5. Consider Professional Assistance:

Navigating tax laws and regulations can be complex, especially for those new to independent contracting. Consulting with an accountant or tax professional can provide invaluable guidance tailored to your specific situation. An expert can help you maximize deductions, minimize tax liabilities, and ensure compliance with all legal requirements. Investing in professional assistance can ultimately save you time, money, and stress in the long run.

 

6. Plan for the Future:

Tax season offers an excellent opportunity to review your financial situation and plan for the future. Evaluate your income, expenses, and savings goals to make informed decisions about budgeting, retirement planning, and investment strategies. Taking a proactive approach to financial planning can help you achieve long-term stability and success in your career.

 

Common Tax Write-Offs for Therapists:

 

As a therapist, there are several expenses you may be able to deduct on your taxes, including:

  1. Professional Development: Costs associated with continuing education, conferences, workshops, and professional memberships.

  2. Office Supplies: Expenses for items such as paper, pens, printer ink, and other office supplies used in your practice.

  3. Travel Expenses: Deductible mileage for business-related travel, including trips to clients' homes or other therapy locations.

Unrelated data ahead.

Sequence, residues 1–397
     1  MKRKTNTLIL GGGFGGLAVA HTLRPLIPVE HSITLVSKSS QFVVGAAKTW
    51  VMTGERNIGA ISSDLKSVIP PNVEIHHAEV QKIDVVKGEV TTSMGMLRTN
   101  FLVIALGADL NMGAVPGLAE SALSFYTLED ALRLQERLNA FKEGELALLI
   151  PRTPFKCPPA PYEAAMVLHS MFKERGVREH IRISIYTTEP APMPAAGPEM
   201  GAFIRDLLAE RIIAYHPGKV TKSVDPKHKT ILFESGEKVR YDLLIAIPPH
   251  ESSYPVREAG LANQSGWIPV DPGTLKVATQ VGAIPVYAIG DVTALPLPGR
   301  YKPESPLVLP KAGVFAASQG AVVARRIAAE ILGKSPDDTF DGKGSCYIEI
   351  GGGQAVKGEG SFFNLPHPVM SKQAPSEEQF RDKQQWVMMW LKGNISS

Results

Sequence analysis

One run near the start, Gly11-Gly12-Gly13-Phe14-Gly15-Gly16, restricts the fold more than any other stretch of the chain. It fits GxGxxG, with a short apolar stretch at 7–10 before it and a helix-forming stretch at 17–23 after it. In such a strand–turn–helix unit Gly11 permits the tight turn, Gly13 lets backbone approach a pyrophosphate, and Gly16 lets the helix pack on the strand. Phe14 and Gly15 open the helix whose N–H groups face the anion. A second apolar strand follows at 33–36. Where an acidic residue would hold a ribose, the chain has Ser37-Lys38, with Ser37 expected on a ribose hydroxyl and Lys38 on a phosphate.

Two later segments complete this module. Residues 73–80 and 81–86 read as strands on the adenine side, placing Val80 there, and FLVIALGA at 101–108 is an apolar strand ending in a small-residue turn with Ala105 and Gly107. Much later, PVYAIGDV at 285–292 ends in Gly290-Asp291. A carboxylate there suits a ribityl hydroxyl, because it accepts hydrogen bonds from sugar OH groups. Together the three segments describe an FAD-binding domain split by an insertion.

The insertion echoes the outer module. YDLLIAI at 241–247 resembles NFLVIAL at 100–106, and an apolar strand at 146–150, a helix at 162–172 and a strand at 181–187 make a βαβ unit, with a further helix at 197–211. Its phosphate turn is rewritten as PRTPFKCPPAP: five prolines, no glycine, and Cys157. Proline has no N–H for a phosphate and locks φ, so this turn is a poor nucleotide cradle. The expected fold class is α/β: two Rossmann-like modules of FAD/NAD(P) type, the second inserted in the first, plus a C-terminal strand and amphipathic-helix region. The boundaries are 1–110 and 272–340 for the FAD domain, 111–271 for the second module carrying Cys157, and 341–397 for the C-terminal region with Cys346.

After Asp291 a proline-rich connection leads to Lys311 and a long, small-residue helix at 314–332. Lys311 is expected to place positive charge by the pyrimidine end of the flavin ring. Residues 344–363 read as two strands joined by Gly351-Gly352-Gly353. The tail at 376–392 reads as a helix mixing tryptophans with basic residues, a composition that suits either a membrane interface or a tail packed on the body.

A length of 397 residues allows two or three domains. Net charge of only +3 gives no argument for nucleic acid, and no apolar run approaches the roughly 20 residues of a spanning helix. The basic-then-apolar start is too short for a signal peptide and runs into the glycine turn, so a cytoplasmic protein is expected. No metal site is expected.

4. Home Office Expenses: If you have a dedicated space in your home used exclusively for your therapy practice, you may be able to deduct a portion of your rent or mortgage, utilities, and other home office expenses.

  5. Health Insurance Premiums: If you pay for your own health insurance, you may be able to deduct the cost of premiums.

  6. Technology Expenses: Costs associated with computers, software, internet service, and other technology used in your therapy practice.

  7. Marketing and Advertising: Expenses for promoting your therapy services, such as website development, advertising, and business cards.

  8. Professional Services: Fees paid to accountants, lawyers, or other professionals for services related to your therapy practice.

 

These are just a few examples of common tax write-offs for therapists. Check out our List of Common Tax Deductions below. Be sure to keep detailed records of all your expenses and consult with a tax professional to determine which deductions you're eligible to claim.

List of Common Tax Deductions
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Conclusion:

 

Preparing for tax season as an early intervention therapist requires diligence, organization, and foresight. By setting aside funds regularly, maintaining detailed records, separating business and personal finances, understanding the implications of forming an LLC, seeking professional assistance when needed, planning for the future, and taking advantage of common tax write-offs, you can navigate tax season with confidence and peace of mind.

 

Remember, while the information provided here can offer general guidance, it's essential to consult with a qualified accountant or tax professional for personalized advice tailored to your specific circumstances. By taking proactive steps and staying informed, you can effectively manage your tax obligations and focus on what matters most—providing quality care to the families you serve.